WearingIrish was created by my ex-boss, Margaret Molloy. Margaret has always been a mystery to me. I first caught wind of her when I was interning at Siegel+Gale, the firm where I worked directly out of college. I’d hear her distinctive Irish accent waft out of the large conference rooms where, as a young intern, I felt like the grownups made important decisions.
When I was hired as Margaret’s marketing writer and assistant, I made it my mission to figure her out. If you know anything about me, you know this is my greatest passion. I love learning about people’s past, observing the decisions they make, analyzing how they interact with others and, as a result, hypothesizing about their strengths and weaknesses as well as where they gain confidence and what their limiting beliefs are. So as I started to work with Margaret, I rolled up my sleeves and got working.
To this day, I feel Margaret can both be predictable in some areas and wildly unpredictable in others. Working closely with her, I knew her writing style and quirks, likes and dislikes, favorite restaurants, even her social security number. I spent 8+ hours a day with her, five days a week. But I never felt I truly understood her until she started WearingIrish.
After growing up on a dairy farm in Ireland where she was taught that “hard work will set you free,” she secured herself a position with an Irish organization in the U.S., made her way to NYC and a few years later started at Harvard Business School. Steadily climbing up the corporate ladder, Margaret has gained a reputation as a force of nature.
Standing 5’2” with a petite frame, Margaret is wildly charismatic. Easily commanding the presence of a room of Mad Men-esque CEOs, as well as conference halls filled with hundreds, Margaret’s reputation holds true.
In many ways, Margaret’s done all the “right” things throughout her life. After making her way to the big apple on her own dime, she succeeded in the corporate world, went to Harvard Business School, married a successful man and is raising two ambitious young boys who she adores on New York’s Upper East Side. She has the apartment, the travel, the wardrobe and the Cartier watch. But what remained unclear to me for a while was, what makes Margaret tick? What’s her why? WearingIrish gave me insight into Margaret’s heart-centered purpose.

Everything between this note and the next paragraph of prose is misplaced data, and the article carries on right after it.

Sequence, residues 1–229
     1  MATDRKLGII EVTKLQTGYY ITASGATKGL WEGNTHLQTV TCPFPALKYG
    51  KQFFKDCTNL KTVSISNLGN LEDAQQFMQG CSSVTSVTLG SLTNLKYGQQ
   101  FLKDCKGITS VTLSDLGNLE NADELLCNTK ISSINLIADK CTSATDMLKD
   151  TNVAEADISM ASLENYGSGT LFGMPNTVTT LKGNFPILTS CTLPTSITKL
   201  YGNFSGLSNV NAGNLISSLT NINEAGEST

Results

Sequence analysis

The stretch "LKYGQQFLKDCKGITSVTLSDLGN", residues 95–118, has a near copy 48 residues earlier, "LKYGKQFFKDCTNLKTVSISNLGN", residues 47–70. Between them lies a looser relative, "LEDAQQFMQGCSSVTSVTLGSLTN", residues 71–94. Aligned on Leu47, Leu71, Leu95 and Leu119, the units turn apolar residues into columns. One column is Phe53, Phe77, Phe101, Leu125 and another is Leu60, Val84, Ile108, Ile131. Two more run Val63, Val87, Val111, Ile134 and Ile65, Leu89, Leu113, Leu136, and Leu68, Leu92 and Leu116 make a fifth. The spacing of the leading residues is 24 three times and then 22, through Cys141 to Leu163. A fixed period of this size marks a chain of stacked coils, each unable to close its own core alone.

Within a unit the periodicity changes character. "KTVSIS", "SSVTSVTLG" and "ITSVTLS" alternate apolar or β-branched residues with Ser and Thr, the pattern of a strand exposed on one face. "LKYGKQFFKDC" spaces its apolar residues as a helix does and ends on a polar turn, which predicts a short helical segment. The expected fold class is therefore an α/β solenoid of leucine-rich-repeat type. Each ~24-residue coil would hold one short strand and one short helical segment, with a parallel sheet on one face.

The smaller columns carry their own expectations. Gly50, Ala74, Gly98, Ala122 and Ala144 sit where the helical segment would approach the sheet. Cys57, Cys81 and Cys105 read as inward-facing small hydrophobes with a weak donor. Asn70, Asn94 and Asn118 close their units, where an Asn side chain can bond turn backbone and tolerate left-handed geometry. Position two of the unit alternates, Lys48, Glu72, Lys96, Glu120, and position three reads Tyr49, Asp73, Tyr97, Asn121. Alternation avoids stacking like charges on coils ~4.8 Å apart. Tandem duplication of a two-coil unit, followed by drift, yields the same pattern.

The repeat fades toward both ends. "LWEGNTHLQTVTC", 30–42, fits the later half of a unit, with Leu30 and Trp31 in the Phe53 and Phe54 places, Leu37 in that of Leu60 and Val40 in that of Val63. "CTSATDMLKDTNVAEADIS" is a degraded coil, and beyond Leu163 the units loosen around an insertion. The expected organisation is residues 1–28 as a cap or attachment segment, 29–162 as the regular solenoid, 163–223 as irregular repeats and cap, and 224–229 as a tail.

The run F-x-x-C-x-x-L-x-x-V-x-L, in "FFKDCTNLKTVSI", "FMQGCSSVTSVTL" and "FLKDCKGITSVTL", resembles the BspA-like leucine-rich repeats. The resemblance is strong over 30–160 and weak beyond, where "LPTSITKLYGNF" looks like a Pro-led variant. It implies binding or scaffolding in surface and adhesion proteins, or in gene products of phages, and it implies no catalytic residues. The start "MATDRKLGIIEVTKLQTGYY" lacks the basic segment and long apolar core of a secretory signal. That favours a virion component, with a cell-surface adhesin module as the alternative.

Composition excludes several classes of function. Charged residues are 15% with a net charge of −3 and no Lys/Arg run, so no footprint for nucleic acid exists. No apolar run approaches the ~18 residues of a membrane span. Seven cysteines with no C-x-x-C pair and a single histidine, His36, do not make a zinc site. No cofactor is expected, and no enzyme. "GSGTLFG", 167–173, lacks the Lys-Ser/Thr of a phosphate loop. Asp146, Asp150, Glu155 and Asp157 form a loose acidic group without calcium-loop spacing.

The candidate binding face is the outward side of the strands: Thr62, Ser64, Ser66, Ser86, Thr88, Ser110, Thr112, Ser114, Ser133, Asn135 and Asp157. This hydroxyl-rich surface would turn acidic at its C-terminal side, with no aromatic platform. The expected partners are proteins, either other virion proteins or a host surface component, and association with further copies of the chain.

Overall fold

Let me start off by saying that the answer, as it often is, had been sitting right under my nose. As her assistant, I was responsible for Margaret’s calendar, which, let me tell you, was booked down to the 15-minute time slot. Floods of requests came in daily from people (CEOs, CMOs, students and young professionals) asking for even 10-minutes of Margaret’s time. To my surprise, Margaret faithfully responded to people’s requests, especially the young Irish who were looking for help in their careers. I’d email these young Irish professionals on her behalf, people who had just arrived in New York. They reminded me of Margaret arriving in the U.S. years earlier with not much besides her sense of hustle.
I’d see Margaret beckon these enthusiastic young professionals into her office. When they emerged, she inevitably had someone relevant to connect them with. A handful even joined our team. Americans have been doing this for centuries. Those who have come and established themselves here in America have historically made themselves available to help other immigrants from their country, hoping to ease the transition to this new life in the land of promise. If they had a shop, they might go out of their way to hire the young boy who had just arrived from their hometown in Russia. Or they’d take in a distant cousin that they’d never met, just because. Margaret was the same, and gained deep satisfaction helping these hopeful young Irish immigrants. I soon learned that her vision extended beyond helping a handful of individuals.